Artificial

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From the water’s edge

October 2014 - Never mind the pollocks

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We didn’t go for the fishing of course. Loz and I are both mad keen wildlife photographers and it was otters and eagles that led us back to the Isle of Mull. But then we are both mad keen lure fishermen too and the rods had to go in, just in case ... of what exactly?

The weather to start with. Eight days of almost non-stop torrential rain and gales gave us the perfect excuse to leave our cameras back at the cottage to dry out while we went back out to top up our trench feet and pruned fingers.

Loads of rocks whose feet never saw the air even at low tide gave us clues as to where we should start. Roaring jets of wind straight off the Atlantic and barely diminished by the Americans before they set them on us meant that choosing the best bank to fish from was easy; whichever was most sheltered by those stunning, russet mountains would do and so we set off into the gloom.

I used my old mainline John Wilson spinning rod as usual armed with 4” never-fail white curly tails on 10 gram jigheads and failed. The clock was ticking and no takes. Wish I’d never bothered but where there are rocks surely there would be blennies and didn’t I chuck in my ultra light canal grubs at the last minute?

So out went a 1.5” black glitter curly on a 2gram jighead plop ... Bang, bang, missed; bang, bang, missed; bang, bang, missed. You get the idea. It took a few casts to work it out. Don’t strike just wind and in the next four hours I had well over a hundred. 1 - 3 ounce pollack and coalfish. Every cast a take, in fact several takes followed by a fish.

These tiny little fellows would flash up from the depths and grab the lure even if, or rather, especially if it was skipping through the waves, from any depth of water. Trouble was the rod was a bit too heavy both for casting 2 gm baits and playing 3 oz fish. I needed a rod designed for light rock fishing, so next morning it was off to Tobermory, capital city population seemingly about fifty. A few shops selling soap and chocolate, a co-op and one fine establishment selling tackle and books. No chance of an lrf set-up there I thought and reading the specifications on the butts of the few rods lined up on the rack seemed to confirm this. 10-35gm, 15-45 gm, those two looked to be the lightest, so no hope really and then I happened to glance at the tips. No way on the face of God’s good earth would either of those rods cast 35 grams, 7 maybe, but not 35. I wiggled, tested against the ceiling and bought the lightest 9 footer. Absolutely brilliant, the rod I have been searching for for years. A Mitchell, premium spinning rod for £25. Obviously at that price it would surely last all day before falling to pieces.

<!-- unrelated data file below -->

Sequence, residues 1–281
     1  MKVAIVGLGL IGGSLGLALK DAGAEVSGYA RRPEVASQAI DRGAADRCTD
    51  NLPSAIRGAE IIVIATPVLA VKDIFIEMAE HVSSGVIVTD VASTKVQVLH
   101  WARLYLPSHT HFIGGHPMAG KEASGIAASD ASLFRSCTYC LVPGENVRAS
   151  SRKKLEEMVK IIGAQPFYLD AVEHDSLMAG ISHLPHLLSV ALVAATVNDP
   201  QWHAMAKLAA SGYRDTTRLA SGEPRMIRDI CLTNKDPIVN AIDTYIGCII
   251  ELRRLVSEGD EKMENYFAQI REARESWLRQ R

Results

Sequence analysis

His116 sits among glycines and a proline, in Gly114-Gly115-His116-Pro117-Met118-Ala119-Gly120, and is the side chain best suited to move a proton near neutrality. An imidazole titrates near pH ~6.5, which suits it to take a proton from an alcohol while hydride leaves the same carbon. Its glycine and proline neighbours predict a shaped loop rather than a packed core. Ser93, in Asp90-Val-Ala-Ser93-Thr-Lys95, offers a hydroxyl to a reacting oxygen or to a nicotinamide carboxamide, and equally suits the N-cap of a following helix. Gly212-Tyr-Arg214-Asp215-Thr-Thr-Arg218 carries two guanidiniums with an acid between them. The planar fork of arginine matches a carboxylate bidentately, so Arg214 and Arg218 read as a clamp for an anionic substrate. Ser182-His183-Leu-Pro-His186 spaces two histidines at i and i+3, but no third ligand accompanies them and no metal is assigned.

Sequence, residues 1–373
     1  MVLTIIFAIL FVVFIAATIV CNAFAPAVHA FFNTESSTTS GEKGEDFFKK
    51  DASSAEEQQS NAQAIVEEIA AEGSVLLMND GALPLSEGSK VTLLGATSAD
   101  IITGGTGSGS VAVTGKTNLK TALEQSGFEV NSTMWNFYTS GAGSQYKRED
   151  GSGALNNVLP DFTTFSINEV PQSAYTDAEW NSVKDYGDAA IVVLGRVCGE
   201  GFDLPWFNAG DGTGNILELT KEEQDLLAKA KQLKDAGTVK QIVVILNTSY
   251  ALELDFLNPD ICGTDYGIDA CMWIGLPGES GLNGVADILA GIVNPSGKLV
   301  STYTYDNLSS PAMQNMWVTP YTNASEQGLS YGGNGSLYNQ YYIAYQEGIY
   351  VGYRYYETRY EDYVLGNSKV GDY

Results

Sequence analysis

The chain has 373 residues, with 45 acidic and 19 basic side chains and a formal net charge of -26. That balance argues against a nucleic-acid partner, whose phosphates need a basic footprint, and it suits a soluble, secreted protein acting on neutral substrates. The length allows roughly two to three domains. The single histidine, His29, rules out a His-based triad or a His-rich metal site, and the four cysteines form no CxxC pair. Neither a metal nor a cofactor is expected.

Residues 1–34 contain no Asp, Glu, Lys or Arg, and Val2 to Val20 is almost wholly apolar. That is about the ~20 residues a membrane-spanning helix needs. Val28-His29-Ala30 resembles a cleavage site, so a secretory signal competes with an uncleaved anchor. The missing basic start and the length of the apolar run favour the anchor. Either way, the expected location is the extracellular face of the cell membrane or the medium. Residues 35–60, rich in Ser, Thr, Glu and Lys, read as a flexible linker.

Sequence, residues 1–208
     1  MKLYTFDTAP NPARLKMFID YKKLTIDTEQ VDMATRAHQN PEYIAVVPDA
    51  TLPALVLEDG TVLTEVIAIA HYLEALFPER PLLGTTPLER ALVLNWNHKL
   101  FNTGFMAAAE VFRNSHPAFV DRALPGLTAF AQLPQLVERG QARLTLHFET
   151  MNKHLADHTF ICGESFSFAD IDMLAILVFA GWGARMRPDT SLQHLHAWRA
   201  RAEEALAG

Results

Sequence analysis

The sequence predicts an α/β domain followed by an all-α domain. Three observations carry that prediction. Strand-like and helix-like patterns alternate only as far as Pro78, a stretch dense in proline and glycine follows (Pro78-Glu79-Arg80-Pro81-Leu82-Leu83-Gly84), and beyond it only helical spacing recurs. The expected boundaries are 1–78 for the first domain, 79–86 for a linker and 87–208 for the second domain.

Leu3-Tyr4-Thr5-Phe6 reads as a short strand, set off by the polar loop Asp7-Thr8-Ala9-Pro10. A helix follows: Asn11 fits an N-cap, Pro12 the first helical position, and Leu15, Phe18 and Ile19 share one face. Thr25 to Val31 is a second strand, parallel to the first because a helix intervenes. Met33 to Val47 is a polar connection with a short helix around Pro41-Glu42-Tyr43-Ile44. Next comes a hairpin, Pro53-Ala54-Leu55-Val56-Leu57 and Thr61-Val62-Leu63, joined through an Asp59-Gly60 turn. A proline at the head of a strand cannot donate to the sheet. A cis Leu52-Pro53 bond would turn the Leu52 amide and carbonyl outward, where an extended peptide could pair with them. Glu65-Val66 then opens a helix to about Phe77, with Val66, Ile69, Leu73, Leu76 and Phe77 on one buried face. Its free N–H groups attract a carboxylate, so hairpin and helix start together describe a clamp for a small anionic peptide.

I’ll tell you how good it was, the next day after I had caught and enjoyed another hundred plus catch of small pollack and coalies on the new rod, we raced back to Tobermory and Loz bought the 15-45 gm version. It was even better and will be a perfect 9 ft river rod for ultra lighting.

Properly tooled up now we set off for the opposite bank as the wind changed and almost unbelievably the sun poked its nose round the corner and the rain dried up - mostly.

What fun we had then. True, we ran out of 2 gm jigheads, but we soon knocked some up out of long shank fine wire hooks by bending the shank, pinching a single swan shot on the angle and fixing it with superglue.

The fish got a bit bigger and the light rods allowed them to show off their surprising strength. Eventually we had them to a pound or so and anything over 4 ounces would dive like a submarine for the rocks making our clutches buzz in irritation that such small fish should be so bold.

Needless to say as lure anglers we tried bigger lures, but they failed us and despite every cast at the surface resulting in a fish, we spent a lot of time testing the depths for better fish.

I don’t know how far the tide rose and fell, fifteen feet maybe, but we could fish the top of the submerged seaweed at high tide even with 2 gram jigs. There was no flow, just a steady rise and fall.

Eventually we located a new species. Fishing as deep as possible, small cod up to a pound would take the lures as they accelerated up and away from the seaweed. Three turns and drop it back down to a count of three and we would get another chance. I even had a 1-8 sea trout to round the list off nicely although it was about as determined to escape as a rotten lettuce. Give me some more light rock fishing again soon, please.  

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